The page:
Last week our project manager Amanda Davis was in the great city of Chicago to speak at PastForward, the annual conference of the National Trust for Historic Preservation. Several diversity and inclusion sessions, which concentrated on historic preservation’s role in activism and social justice issues, were held at the historic Palmer House downtown. At the LGBTQ session, Amanda spoke about our Project’s efforts to nominate sites to the National Register of Historic Places, raise awareness of LGBT history through our online interactive map, and work with others in the community to advocate for the protection of these significant spaces. She was thrilled to hear from a number of attendees who are also working on (or hoping to start) similar projects throughout the country.
The following day, Amanda spoke at one of the conference’s Learning Labs, a panel discussion on the importance of using technology to engage the public with history. The session was also a wonderful opportunity to showcase how we as storytellers can reach more diverse audiences through different types of media, both online and in person.
Amanda also had the chance to take the “El” up to Boystown, Chicago’s historically gay neighborhood, to see the Legacy Walk, billed on its website as “the world’s only outdoor museum walk, traveling installation, and youth education program dedicated to combating anti-gay bullying by celebrating LGBT contributions to history.” Located along several blocks of North Halsted Street – between Belmont Avenue and Grace Street – the commemorative project features bronze plaques of notable LGBT figures on “rainbow pylons.” New plaques are added every October 11th (National Coming Out Day). See the end of this post for more photos.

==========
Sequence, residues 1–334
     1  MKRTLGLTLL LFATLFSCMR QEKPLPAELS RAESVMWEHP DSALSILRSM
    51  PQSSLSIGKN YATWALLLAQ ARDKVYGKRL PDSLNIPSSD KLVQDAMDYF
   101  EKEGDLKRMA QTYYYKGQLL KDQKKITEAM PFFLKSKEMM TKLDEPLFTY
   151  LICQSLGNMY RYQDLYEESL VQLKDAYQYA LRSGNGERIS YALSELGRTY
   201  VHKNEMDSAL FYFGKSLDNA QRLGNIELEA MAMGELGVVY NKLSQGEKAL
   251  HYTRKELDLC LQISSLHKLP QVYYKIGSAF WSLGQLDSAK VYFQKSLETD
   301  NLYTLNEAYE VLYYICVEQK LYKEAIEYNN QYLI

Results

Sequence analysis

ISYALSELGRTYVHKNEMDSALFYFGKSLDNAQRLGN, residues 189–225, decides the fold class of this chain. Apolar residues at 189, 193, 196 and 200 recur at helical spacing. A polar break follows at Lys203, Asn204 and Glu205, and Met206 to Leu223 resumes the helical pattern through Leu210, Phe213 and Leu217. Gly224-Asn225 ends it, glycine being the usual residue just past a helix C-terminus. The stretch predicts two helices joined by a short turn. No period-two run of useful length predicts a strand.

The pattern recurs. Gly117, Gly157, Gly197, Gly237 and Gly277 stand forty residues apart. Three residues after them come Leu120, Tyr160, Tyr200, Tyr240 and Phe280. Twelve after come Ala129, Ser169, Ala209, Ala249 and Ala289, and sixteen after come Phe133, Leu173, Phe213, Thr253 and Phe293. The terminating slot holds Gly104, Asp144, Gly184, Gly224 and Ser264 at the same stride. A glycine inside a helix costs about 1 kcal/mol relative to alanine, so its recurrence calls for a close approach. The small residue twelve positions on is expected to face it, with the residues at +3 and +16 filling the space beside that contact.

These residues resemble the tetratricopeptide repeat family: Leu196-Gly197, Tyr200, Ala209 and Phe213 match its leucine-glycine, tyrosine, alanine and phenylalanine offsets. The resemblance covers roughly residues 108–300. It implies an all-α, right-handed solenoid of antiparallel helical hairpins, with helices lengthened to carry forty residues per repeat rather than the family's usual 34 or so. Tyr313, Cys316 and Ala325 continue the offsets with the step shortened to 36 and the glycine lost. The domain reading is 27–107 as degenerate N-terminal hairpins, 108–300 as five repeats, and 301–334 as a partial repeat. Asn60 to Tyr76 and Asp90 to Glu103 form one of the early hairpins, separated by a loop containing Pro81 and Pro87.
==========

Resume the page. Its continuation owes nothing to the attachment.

Henry Gerber House
Before leaving Chicago, Amanda also stopped by the former Lincoln Park home of pioneering gay rights activist Henry Gerber. In 2015, the house was listed on the National Register of Historic Places and, in the same year, became only the second National Historic Landmark recognized for its significance to LGBT history (the first being Stonewall in 1999). Before Stonewall, the Mattachine Society, and the Daughters of Bilitis, Gerber founded America’s first LGBT rights organization – the Society for Human Rights – in 1920s Chicago. As a member of the US military he was also stationed (and faced harassment as a gay man) on Governors Island in New York City from the late 1920s to 1945.
Being able to talk about our work in Chicago, learn from others, and see some of the Windy City’s LGBT historic sites in person was a great treat. The Project looks forward to continuing the conversation at next year’s PastForward conference in San Francisco!
One of several rainbow pylons on the Legacy Walk